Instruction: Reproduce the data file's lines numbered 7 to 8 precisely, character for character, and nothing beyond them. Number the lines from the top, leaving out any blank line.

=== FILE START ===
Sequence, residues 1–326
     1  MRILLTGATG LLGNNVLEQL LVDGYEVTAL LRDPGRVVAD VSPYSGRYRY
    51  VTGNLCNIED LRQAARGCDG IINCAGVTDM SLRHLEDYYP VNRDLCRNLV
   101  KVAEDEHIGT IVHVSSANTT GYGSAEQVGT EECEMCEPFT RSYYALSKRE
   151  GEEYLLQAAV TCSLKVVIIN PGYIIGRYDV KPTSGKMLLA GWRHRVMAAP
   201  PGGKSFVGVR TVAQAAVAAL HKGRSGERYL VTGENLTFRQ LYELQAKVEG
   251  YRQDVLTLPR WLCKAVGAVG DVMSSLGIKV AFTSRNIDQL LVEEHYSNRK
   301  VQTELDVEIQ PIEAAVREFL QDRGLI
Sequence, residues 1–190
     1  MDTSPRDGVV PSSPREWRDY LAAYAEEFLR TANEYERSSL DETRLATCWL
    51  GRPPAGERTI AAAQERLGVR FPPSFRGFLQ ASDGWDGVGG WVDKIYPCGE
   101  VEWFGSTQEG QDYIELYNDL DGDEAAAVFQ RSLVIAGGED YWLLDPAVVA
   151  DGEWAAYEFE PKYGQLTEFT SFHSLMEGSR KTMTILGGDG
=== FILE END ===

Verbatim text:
   251  YRQDVLTLPR WLCKAVGAVG DVMSSLGIKV AFTSRNIDQL LVEEHYSNRK
   301  VQTELDVEIQ PIEAAVREFL QDRGLI